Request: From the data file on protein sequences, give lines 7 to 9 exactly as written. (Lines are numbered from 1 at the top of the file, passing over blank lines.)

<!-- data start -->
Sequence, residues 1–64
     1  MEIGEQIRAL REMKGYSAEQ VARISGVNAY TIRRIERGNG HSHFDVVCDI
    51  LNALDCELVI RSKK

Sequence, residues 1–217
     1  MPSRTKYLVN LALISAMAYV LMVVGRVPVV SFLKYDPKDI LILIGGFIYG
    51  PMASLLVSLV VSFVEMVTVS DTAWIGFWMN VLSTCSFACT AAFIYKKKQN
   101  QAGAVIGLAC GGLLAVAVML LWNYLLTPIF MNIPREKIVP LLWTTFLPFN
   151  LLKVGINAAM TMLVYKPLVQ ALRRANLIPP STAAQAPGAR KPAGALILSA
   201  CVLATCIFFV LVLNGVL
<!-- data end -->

   101  QAGAVIGLAC GGLLAVAVML LWNYLLTPIF MNIPREKIVP LLWTTFLPFN
   151  LLKVGINAAM TMLVYKPLVQ ALRRANLIPP STAAQAPGAR KPAGALILSA
   201  CVLATCIFFV LVLNGVL